• a complete recognition and understanding of all the elements that feed a behaviour and create an issue:
    •  the vast majority of people can only identify one or two elements...which vastly inhibits the ability to resolve behavior issues;
    • behaviours do not exist in isolation - there are always many elements that feed a single behaviour, there all always multiple behaviours that create a behavioral issue;
  • self-restraint and discipline on the part of the human who is directing the dog;
  • sensitivity, awareness, intuition, instinct and timing on the part of the human who is directing the dog;
    • to understand, connect with and adapt quickly and effectively to a dog's learning requirements you must be able to employ the same tools a dog uses - acute sensitivity, awareness, instinct, intuition and timing;
  • kindness, endurance, consideration, patience, persistence, perspective, the ability and know how to let the past go, the ability to set realistic expectations at any one point in time;
  • the creation of structure, rules, boundaries and limitations for each situation at the macro and micro level;
  • understanding of all the elements that make up an instruction and direction to a dog...there are multiple steps involved in an instruction - not just one!
  • absolute honesty - if you cannot be honest with yourself you will not be able to communicate clearly with a dog.
These are just some of the techniques that I teach my clients - it is a holistic, all-encompassing approach. If you are missing any one element of the above mentioned your success rate will be affected to one degree or another in implementing the techniques offered in the article presented above.






Tuesday, 6 December 2011

IS YOUR DOG HUNGRY OR LOOKING FOR ATTENTION

If your dog is always hanging about you looking for food, whining for food, begging for food you might wonder is my dog really that hungry? Should I be concerned?

Well to figure out if your dog is truly hungry or just using food to get attention take a look at your dog…if they look to be a good weight - not to thin (no bones protruding, etc.) and not to heavy (they have a nice waist line) then you know that the demands are just that - demands. Check the chart below to assess your dog’s weight.




IF YOUR DOG IS OVERWEIGHT


Being overweight is as bad for a dog as it is for a human. Dogs can have joint problems, diabetes, heart problems and so on just as humans do from carrying excess weight. Just as obesity can seriously shorten a human’s life - it can also shorten a dog’s life. A dog that is overweight certainly lives a lesser quality of life!

Once again we have to be fair to the dog first and foremost - if you are feeding your dog a commercially manufactured dog kibble that contains grains the diet you are feeding your dog is causing spiked hunger pains - read this and then get your dog on a grain-free, toxin-free, carcinogen-free dog kibble, or you can make homemade dog food, or feed raw species appropriate food. Dogs require species appropriate diets to be healthy - mentally and physically.

There are several things you should do. First make sure that there is no medical reason for the excess weight, such as a thyroid issue - your veterinarian can do a simple blood test to ensure weight gain is not due to any medical issue.

If you are certain that your dog’s health is good, then you really need to take a look at your dog’s daily regimen…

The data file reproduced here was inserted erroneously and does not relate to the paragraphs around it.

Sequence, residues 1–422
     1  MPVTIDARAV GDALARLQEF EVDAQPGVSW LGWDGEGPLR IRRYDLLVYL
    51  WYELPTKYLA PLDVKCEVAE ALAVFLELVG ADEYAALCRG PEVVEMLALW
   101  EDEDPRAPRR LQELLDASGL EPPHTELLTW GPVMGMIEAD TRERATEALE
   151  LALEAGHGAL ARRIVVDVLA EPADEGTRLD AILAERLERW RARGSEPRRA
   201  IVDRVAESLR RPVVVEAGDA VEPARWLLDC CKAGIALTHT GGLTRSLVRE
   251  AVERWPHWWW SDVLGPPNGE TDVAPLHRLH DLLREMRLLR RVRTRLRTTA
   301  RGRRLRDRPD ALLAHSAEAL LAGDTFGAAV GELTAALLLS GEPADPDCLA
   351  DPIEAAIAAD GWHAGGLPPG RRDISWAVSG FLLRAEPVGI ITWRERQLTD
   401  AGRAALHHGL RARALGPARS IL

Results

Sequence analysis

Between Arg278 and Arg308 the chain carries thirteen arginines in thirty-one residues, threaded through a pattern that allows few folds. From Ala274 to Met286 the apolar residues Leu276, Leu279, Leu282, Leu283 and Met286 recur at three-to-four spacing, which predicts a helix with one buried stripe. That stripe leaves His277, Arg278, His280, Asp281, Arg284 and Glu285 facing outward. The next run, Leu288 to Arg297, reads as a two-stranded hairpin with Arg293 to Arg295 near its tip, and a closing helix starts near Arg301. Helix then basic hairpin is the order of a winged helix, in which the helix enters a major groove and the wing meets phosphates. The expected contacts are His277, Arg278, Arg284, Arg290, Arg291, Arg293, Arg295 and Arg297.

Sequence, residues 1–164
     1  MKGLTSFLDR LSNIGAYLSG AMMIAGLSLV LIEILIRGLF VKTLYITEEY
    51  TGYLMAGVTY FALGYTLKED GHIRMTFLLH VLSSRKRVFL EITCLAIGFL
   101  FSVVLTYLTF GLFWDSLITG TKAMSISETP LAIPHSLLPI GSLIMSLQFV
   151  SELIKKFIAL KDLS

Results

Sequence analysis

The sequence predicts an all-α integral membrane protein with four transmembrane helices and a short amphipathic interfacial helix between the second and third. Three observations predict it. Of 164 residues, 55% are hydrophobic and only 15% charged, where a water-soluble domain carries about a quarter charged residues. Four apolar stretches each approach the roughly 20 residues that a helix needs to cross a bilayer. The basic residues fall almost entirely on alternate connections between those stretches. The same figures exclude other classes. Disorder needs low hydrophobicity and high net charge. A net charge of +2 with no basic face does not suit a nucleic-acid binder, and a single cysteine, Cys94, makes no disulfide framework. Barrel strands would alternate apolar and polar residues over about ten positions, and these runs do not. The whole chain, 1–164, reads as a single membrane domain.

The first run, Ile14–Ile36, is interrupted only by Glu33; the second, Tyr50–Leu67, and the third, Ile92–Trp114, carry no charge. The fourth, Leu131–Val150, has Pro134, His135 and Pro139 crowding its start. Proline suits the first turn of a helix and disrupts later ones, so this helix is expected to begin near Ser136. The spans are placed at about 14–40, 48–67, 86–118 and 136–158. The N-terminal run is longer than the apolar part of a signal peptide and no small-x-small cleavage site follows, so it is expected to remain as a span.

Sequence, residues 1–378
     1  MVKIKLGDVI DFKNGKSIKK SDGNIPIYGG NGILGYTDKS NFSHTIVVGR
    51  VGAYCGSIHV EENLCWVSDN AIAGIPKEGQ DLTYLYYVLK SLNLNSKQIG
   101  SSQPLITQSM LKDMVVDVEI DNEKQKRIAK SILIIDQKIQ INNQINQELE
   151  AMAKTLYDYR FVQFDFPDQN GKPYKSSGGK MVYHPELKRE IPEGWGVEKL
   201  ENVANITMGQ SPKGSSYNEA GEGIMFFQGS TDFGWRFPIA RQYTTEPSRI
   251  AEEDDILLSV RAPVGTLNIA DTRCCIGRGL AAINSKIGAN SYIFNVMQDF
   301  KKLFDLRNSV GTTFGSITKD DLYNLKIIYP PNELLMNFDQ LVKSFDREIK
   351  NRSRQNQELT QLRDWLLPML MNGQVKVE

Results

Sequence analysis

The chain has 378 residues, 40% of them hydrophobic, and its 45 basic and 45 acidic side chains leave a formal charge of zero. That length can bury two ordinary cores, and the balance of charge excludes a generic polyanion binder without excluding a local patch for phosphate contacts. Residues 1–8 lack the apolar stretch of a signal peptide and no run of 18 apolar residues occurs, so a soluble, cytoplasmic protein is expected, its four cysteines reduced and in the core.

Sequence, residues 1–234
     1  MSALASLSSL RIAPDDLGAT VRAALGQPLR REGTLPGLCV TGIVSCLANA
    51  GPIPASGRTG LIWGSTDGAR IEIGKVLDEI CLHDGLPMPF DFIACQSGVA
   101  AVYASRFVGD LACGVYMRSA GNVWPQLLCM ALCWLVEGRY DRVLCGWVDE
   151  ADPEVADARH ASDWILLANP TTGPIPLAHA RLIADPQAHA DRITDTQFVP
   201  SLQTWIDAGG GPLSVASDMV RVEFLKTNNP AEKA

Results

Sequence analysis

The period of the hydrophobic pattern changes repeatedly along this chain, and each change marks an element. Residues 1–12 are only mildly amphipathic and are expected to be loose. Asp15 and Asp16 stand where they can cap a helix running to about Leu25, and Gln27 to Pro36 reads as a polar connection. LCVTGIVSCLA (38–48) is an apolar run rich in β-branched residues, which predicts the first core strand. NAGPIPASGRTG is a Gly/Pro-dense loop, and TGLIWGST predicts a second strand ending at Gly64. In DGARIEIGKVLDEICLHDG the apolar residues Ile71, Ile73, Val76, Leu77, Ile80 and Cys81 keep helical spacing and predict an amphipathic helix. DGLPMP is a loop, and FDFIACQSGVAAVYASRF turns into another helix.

A - Does your dog get enough exercise on a daily basis? When it comes to exercise, all dogs need exercise - small breed, medium and large breed dogs. For some dogs a daily brisk 30 minute walk might be ok, while other dogs may require two 40 minute to 60 minute walks a day…just like people, every dog is different.

B - Do you feed your dog too much food? Do you feed your dog the wrong foods?

And you really need to take a look at your habits - sorry, but this is often the root of the problem with your dog's weight. I can't help you and your dog if I do not push you to see how we affect our dogs!

C - Many people use food to show affection and love to their dogs...this can lead to significant weight gain, deterioration of health and quality of life as well as behavioral problems;

D -
Many people also use treats as their primary or even sole method of 'training' their dog - I do not recommend this! 

First of all dogs do not use treats as their primary method of instructing each other, they use body language and state-of-being as a primary teaching tool - we should too! 
Using treats only - the human never learns to be aware of the more effective, more natural ways in which to communicate with and coach/mentor our dogs - this is a great opportunity lost. When we learn to use other means more natural to a dog we open up a whole new world of awareness and connectivity in ourselves - we enable the best in ourselves and our dogs. I recommend that you read these articles to learn more...

    On Dogs and Opportunism
    Affection and Your Dog
    How Dogs Communicate
    Leadership


About 50% of Dogs in North America are overweight. When my client’s dogs are overweight I usually ask them a serious of questions and then provide them with information and advice on how to regain control of their dog’s weight.

One of the most common issues I see is that people leave food in their dog’s bowl 24/7. This is even more of an issue if you have multiple dogs - as some dogs have a built in sensor that tells them when to stop eating, other dogs will keep eating until there is nothing left to eat. Much like people!